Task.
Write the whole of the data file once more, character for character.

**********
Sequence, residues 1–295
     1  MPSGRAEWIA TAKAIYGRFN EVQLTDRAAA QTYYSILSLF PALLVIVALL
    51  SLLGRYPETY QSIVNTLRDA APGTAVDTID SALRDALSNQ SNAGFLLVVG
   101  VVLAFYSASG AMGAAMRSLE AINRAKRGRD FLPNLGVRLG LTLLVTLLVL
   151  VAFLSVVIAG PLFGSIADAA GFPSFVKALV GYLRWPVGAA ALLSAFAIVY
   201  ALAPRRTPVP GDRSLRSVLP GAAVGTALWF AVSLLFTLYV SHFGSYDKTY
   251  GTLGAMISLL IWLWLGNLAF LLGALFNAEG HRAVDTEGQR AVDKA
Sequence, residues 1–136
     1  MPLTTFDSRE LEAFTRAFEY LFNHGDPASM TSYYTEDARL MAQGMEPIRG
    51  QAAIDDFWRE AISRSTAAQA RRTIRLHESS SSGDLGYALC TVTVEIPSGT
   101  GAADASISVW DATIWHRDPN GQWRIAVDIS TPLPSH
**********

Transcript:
Sequence, residues 1–295
     1  MPSGRAEWIA TAKAIYGRFN EVQLTDRAAA QTYYSILSLF PALLVIVALL
    51  SLLGRYPETY QSIVNTLRDA APGTAVDTID SALRDALSNQ SNAGFLLVVG
   101  VVLAFYSASG AMGAAMRSLE AINRAKRGRD FLPNLGVRLG LTLLVTLLVL
   151  VAFLSVVIAG PLFGSIADAA GFPSFVKALV GYLRWPVGAA ALLSAFAIVY
   201  ALAPRRTPVP GDRSLRSVLP GAAVGTALWF AVSLLFTLYV SHFGSYDKTY
   251  GTLGAMISLL IWLWLGNLAF LLGALFNAEG HRAVDTEGQR AVDKA
Sequence, residues 1–136
     1  MPLTTFDSRE LEAFTRAFEY LFNHGDPASM TSYYTEDARL MAQGMEPIRG
    51  QAAIDDFWRE AISRSTAAQA RRTIRLHESS SSGDLGYALC TVTVEIPSGT
   101  GAADASISVW DATIWHRDPN GQWRIAVDIS TPLPSH